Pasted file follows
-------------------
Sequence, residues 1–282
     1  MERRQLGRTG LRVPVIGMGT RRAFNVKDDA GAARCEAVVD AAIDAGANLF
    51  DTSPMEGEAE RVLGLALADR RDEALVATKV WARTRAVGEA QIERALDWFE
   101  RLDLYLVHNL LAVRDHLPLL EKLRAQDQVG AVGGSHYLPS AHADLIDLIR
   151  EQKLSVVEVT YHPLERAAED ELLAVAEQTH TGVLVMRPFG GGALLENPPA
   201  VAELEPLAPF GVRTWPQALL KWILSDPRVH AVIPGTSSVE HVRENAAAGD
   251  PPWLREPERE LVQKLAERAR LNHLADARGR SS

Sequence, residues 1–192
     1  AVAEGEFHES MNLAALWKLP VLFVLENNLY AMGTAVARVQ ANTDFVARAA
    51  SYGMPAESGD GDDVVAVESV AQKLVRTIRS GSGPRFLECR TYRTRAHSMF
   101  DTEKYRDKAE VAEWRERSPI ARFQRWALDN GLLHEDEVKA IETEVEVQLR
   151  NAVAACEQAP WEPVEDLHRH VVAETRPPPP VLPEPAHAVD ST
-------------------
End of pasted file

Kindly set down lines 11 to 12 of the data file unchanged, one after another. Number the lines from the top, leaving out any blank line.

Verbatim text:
   101  DTEKYRDKAE VAEWRERSPI ARFQRWALDN GLLHEDEVKA IETEVEVQLR
   151  NAVAACEQAP WEPVEDLHRH VVAETRPPPP VLPEPAHAVD ST